Directors’ Loans

You may not be aware but there is a whole raft of legislation that seeks to penalise directors and shareholders if they borrow money from their companies. These regulations include possible tax Benefit in Kind charges for the directors/shareholders plus an additional Corporation Tax charge of 32.5% for the company for directors’ loans.

In effect, the tax system discourages directors from using their company as a private bank account.

Company borrowing from Directors

But what happens if the reverse situation occurs and a director/shareholder lends money to their company?

If a company requires long-term funding, this “loan” could be made by the issue of shares, in which case the shareholders may be entitled to future dividends. As shareholders, they would then also usually get to share in the spoils if the company was subsequently sold or wound-up. But once capital is used in this way to buy company shares, it is difficult for shareholders to recover their investment without going through a complicated and expensive legal process.

Instead of taking shares, a director could simply choose to lend money to the company. This is best done by agreeing terms and drafting a formal loan agreement between the company and the person lending the funds. This agreement should set out the terms for repayment, specify the security offered by the company and most importantly, detail the calculation and rate of any interest that will be paid by the company to the director for the use of the funds.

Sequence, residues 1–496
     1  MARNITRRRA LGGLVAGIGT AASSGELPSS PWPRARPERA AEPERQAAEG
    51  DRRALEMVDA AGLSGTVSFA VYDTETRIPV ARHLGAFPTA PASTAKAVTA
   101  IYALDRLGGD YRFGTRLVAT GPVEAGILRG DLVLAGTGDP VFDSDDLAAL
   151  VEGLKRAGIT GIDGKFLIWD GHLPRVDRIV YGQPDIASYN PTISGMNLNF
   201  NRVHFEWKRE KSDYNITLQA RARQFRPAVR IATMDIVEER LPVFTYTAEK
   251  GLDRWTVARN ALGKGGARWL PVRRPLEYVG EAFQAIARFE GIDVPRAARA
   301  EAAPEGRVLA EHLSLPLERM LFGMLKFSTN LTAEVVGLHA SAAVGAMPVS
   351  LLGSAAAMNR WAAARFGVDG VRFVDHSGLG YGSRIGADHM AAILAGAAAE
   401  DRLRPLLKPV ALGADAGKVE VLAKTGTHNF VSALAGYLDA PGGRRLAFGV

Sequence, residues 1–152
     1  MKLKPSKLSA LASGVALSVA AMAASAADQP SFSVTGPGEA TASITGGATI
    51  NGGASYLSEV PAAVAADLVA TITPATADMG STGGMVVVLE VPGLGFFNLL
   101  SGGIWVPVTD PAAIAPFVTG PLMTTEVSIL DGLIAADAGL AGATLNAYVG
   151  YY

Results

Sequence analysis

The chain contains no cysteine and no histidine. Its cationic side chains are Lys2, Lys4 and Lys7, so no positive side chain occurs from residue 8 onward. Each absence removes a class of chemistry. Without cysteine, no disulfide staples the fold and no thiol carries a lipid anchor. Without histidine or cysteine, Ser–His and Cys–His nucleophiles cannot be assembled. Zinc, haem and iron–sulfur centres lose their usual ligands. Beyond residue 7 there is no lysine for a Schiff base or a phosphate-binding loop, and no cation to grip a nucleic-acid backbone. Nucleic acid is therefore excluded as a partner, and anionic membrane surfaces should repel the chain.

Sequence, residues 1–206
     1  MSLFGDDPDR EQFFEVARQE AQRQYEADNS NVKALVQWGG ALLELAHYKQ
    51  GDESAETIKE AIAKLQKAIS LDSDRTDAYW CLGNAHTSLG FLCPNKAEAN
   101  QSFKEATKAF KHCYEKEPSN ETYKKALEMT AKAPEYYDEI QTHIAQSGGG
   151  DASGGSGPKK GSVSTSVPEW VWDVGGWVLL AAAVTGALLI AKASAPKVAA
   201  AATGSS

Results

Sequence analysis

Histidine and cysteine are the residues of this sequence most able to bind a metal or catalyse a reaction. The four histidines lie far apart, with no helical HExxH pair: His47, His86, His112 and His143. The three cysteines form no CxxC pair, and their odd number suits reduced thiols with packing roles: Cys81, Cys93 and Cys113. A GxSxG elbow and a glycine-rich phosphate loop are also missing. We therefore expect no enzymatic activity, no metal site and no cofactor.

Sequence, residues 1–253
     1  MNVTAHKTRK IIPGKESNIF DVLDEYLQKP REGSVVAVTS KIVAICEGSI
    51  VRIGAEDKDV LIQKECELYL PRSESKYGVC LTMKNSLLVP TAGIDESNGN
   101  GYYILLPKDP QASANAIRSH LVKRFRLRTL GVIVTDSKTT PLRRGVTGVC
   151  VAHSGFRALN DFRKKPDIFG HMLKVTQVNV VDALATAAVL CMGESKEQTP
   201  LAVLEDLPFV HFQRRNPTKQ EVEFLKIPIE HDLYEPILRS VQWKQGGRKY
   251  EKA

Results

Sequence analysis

The last point is significant. Many directors of smaller companies simply deposit funds in their companies and take them back when they feel that they are no longer required. But by doing this, they may be missing out on a tax-free – albeit small – income stream.

As an example, the person lending the money could be entitled to the £1,000 or £500 personal savings allowance. A loan of just £16,000, with an agreed interest rate of say 6%, would generate an annual income for the lender of just under £1,000. If the lender was a basic rate tax payer they would be entitled to the £1,000 tax-free allowance. The company could also benefit by being allowed to deduct the interest payment when calculating its taxable profits.

As always, the devil is in the detail and there are a number of issues that need to be covered to ensure there are no traps for the unwary.

If you are considering loaning capital to your company from your own funds or wish to review any past loans made with a view to formalising them, then please contact our tax team on 0800 6520 025 to find out more.


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    About Jon Pryse-Jones

    Since joining THP in 1978, Jon Pryse-Jones has been hands on with every area of the business. Now specialising in strategy, business planning, and marketing, Jon remains at the forefront of the growth and development at THP.

    An ideas man, Jon enjoys getting the most out of all situations, “I act as a catalyst for creative people and encourage them to think outside the box,” he says, “and I’m not afraid of being confrontational. It often leads to a better result for THP and its clients.”

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